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The cWC-RSB concept

The first set of radiation dense materials: cWCs and RSBs

cWC-RSB materials are the first selection of radiation dense materials that are to be studied by this group.

Cemented Tungsten Carbides (cWCs) are a well-established engineering material since the 1930s, and used in a wide variety of applications including metal cutting, rock-drilling and rotary cutting. The combination of WC ( 0.5 μm < dwc < 10 μm) as a refractory hard phase along with a ductile metal binder (6 - 25% wt%) after liquid phase sintering ( 1350oC < T < 1500oC).

The commonest binder metal for cWCs is Co with Ni being less commonly used. The use of Co and Ni as a binder alloy limits their use in a radioactive environment due to the highly activating nature of Co and Ni.

Fe-Cr alloy has similar properties for Co and Ni and does not activate significantly and enables the use of FeCr-cWCs as a candidate radiation shielding material for the first time. The radiation response of cWC materials is in the earliest stages of investigation and is one of the goals of this group.

Reactive Sintered Borides (RSBs) were developed from experiments with adding boron to FeCr-cWCs to improve oxidation resistance. This research showed that dense RSB bodies with similar shrinkage to cWCs could be sintered as for cWCs if composed of a mixture of B4C, FeCr alloy and W metal where the atomic ratio of W : Fe : B is close to 1 : 1 : 1. Considerable research on RSB materials is required on processing and their radiation response is still mostly unknown with all current studies based in silico.

Basic thermomechanical properties of cWCs are shown below:

(a) (b)

(a) Fracture Toughness by metal binder weight and (b) Thermal conductivity for different types of cWCs ©Sandvik AB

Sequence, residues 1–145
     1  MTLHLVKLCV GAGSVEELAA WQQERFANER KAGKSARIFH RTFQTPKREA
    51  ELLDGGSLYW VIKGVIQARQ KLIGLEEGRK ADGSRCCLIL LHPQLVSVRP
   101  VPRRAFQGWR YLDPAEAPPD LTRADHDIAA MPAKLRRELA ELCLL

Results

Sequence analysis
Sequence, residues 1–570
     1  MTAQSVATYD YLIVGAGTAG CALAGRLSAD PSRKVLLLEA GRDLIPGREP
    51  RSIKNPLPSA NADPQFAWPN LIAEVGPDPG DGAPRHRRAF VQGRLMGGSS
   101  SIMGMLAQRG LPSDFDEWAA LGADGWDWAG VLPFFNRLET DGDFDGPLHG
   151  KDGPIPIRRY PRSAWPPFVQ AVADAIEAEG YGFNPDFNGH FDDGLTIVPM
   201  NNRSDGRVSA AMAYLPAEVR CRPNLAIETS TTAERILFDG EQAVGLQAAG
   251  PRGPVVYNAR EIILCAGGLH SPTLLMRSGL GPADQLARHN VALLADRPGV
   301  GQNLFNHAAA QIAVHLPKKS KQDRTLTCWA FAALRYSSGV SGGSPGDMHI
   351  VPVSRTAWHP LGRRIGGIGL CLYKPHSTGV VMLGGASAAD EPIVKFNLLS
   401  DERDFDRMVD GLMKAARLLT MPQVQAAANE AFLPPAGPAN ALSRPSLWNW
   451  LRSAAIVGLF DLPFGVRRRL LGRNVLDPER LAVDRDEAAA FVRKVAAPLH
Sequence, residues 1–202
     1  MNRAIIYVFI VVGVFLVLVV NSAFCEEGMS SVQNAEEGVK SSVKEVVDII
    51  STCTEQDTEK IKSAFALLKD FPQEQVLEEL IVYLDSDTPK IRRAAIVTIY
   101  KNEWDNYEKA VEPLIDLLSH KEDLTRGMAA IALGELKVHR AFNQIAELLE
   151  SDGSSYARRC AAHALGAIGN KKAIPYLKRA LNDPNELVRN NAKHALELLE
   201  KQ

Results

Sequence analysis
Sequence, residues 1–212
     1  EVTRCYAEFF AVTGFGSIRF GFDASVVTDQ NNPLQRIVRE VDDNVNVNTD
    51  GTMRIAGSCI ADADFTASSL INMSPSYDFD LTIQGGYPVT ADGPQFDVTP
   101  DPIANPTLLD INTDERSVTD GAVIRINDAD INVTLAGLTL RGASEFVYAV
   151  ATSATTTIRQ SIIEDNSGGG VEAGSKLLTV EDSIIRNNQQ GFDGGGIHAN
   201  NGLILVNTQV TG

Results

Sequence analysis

The Promise of RSBs - Neutron Shielding in a Compact Spherical Tokamak (cST)

RSBs have shown promise as candidate shielding materials in terms of their low-energy neutron-absorbing properties which contributes significantly to the heat deposited into the superconducting magnets [Windsor, C. G. et al. Nucl. Fusion 57, 036001 (2017). Windsor, C. G. & Morgan, J. G. Nucl. Fusion 57, (2017).Windsor, C. G. et al. Nucl. Fusion 58, (2018)].

Attenuation of neutron and gamma radiation of different energies from cWC (A10, blue) and RSB (B5.5, red)

The high absorption of thermal neutrons by RSBs mean that combined cWCs-RSB shield may yield unrivalled attenuation properties – outperforming even metallic tungsten [Windsor et al Nucl. Fus. 57 (2017) 36001] as shown in this simulation of power deposition into a tokamak core from different shielding configurations.

The challenge: Fusion power

The first practical problem for which radiation dense materials intends to solve is practical fusion power.

Current solutions are mostly based on W-metal based solutions which are sufficient for use in experimental reactors. The engineering requirements for proposed power-generating fusion reactors still exceed the properties of current candidate materials. [Hancock et al J. Nucl. Mater. 512, (2018) 169, Di Pace et al Nucl. Fusion 57 092003 (2017).

Schematic diagram of spherical tokamak. (a) plasma chamber, (b) Plasma facing component (PFC), (c) neutron shield, (d) tritium breeding blanket. (f) High Temperature Super Conductor, (g) vacuum chamber, (h) steel support and (i) outer shield. (b). Schematic diagram of the central column from Figure 1(a) (black outline). (a) plasma, (b) PFC component, (c) cWC-based neutron shields, (d) coolant/moderator channels, (e) RSB inner shield (f) vacuum gap, (g) HTS and (h) steel support.

Attenuation of thermal (<10-4 MeV) neutrons is two orders of magnitude greater than 10wt% binder cWC alone. A combined cWC-RSB shield is one of the best potential candidates for shielding fusion reactors.